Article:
NEW DELHI  - India’s nuclear energy regulator is weak and lacks independence which poses “grave risks” to the country, the national auditor warned on Thursday in a report.

The Comptroller and Auditor General (CAG) said it had analysed the performance of the Atomic Energy Regulatory Board (AERB) in light of the expansion of nuclear power in energy-starved India.

It warned that the organisation was effectively a ‘subordinate office’ to the central government and had no powers to make rules, monitor safety at nuclear power plants or enforce standards.

“Failure to have an autonomous and empowered regulator is fraught with grave risks,” the CAG concluded in its report, pointing to the lessons learned from the Fukushima disaster in Japan last year. It added: “There is an urgent need for the government to bolster the status of AERB if it is to qualify as an independent regulator in a sector which is likely to become increasingly important.”

Responsibility for monitoring exposure to radioactive substances at nuclear power plants lay with the operators not the AERB, and the regulator had no power to put in place emergency procedures, the CAG said. Neither did it have any oversight of the decommissioning process for nuclear power plants, for which there is “no legislative framework”, and it had no way of confirming that radioactive waste was disposed of safely. India is heavily dependent on coal and produces less than three percent of its energy from its existing atomic plants. The government hopes to raise the figure to 25 percent by 2050.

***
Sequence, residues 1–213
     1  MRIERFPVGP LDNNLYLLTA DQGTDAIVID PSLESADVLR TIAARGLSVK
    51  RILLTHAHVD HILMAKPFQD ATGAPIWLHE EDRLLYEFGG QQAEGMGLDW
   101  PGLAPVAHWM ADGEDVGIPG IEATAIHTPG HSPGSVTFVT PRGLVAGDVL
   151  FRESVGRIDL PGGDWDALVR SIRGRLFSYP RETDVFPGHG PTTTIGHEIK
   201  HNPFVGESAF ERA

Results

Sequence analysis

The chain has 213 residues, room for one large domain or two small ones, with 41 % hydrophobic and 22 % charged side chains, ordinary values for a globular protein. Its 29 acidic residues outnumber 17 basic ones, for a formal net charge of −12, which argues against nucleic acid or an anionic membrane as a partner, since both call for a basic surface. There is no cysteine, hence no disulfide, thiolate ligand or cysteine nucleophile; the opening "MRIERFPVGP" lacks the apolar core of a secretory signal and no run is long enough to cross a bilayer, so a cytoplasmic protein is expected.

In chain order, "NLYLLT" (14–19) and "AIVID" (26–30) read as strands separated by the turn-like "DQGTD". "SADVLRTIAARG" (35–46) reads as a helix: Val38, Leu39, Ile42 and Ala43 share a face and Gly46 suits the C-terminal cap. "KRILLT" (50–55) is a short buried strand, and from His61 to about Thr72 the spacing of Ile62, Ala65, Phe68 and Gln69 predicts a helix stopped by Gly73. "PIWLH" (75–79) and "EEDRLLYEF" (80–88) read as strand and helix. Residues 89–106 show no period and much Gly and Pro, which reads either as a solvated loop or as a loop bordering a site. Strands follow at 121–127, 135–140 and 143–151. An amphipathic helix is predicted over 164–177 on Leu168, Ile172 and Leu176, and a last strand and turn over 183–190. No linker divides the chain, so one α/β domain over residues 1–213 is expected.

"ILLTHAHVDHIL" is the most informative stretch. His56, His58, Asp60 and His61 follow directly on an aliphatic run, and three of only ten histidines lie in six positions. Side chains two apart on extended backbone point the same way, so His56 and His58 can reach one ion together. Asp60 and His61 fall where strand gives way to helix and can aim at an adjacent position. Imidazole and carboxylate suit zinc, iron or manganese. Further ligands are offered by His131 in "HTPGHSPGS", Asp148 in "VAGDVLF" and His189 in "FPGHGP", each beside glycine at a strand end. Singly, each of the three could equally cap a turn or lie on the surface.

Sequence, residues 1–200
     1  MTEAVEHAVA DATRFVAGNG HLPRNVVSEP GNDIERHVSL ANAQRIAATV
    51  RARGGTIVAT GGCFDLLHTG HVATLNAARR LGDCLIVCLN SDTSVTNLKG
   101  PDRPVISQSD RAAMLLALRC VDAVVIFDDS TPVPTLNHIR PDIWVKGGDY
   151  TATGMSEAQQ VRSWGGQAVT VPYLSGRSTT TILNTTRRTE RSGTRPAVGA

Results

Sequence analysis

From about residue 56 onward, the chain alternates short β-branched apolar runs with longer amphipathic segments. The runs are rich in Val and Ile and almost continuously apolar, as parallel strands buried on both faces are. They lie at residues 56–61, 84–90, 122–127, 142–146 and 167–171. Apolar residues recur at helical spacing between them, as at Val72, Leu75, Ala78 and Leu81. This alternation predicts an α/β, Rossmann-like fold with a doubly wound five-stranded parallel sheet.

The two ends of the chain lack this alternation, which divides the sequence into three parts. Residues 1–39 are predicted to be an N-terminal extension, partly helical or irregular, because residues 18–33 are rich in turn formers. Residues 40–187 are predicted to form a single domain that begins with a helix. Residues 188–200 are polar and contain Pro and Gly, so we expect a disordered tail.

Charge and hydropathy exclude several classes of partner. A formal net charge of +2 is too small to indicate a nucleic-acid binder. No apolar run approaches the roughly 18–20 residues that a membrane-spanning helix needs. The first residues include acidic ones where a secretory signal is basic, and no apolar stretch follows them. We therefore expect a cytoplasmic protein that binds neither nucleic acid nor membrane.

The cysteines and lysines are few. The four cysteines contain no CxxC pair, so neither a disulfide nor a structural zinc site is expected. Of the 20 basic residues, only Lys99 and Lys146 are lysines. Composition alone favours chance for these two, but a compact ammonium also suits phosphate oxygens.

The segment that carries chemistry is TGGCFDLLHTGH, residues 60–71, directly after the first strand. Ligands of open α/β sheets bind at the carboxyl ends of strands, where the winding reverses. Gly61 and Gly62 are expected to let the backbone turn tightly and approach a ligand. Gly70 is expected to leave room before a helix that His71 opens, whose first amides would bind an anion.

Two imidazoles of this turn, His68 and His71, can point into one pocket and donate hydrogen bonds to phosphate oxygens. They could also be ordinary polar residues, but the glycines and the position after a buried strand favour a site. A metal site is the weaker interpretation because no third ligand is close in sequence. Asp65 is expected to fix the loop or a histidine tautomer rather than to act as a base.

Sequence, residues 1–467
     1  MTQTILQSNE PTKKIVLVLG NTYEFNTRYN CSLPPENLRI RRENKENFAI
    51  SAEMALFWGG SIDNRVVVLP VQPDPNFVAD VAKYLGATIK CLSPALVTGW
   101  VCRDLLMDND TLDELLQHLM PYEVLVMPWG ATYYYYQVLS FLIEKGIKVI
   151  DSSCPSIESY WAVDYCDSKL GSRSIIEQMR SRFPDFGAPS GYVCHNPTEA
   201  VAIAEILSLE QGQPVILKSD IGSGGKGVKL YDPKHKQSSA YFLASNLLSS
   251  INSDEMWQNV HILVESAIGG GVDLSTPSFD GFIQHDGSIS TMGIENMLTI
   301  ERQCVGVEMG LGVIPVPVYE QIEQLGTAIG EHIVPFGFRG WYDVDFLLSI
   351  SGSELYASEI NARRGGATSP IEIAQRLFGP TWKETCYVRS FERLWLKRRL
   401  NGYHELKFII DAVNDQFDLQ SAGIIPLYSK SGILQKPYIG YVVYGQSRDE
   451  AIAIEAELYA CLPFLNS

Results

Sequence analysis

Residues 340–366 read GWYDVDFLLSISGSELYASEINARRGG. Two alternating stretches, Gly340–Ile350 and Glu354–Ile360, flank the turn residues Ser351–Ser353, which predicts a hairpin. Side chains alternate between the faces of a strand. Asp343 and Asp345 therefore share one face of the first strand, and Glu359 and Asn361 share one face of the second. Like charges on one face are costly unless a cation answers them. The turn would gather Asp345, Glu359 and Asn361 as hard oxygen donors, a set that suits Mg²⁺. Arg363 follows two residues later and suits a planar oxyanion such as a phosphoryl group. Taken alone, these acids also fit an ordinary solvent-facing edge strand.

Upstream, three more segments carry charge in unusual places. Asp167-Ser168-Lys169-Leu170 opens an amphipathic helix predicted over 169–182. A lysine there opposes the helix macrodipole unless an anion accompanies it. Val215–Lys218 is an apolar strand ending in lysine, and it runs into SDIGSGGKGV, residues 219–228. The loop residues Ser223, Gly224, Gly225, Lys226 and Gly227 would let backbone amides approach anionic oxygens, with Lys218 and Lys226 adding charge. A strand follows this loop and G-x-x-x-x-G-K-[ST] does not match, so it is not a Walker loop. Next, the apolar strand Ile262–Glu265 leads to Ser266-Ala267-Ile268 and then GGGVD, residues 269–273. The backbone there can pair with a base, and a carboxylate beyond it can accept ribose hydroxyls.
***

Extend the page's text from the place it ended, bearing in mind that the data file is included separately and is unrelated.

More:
In the most recent accident at a nuclear plant, more than 40 workers at the Rajasthan Atomic Power Station in northern India were exposed to tritium radiation in June and July, although none of them was seriously harmed. The CAG also highlighted the AERB’s lax monitoring of other radiation centres, including medical X-ray facilities or other industrial centres using radioactive substances.

In April 2010, a machine from Delhi University containing cobalt-60, a radioactive metal used for radiotherapy in hospitals, ended up in a scrapyard in the city. It killed a worker and led seven other to be hospitalised. “Around 91 percent of the medical X-ray facilities in the country had not been registered with AERB and as such were out of its regulatory control,” the report said.

Meanwhile, India, which is going to import uranium from Australia, will dismantle its nuclear regulator (AERB), replacing the current expert panel with a government-controlled body, a move being blasted by critics as a ‘sham’.

Legislation before the Indian Parliament will result in the AERB being replaced with the Nuclear Safety Regulatory Authority. The authority will be answerable to a clutch of government ministers who can direct the regulator, and even sack its members, giving rise to allegations the new body will be captive to government.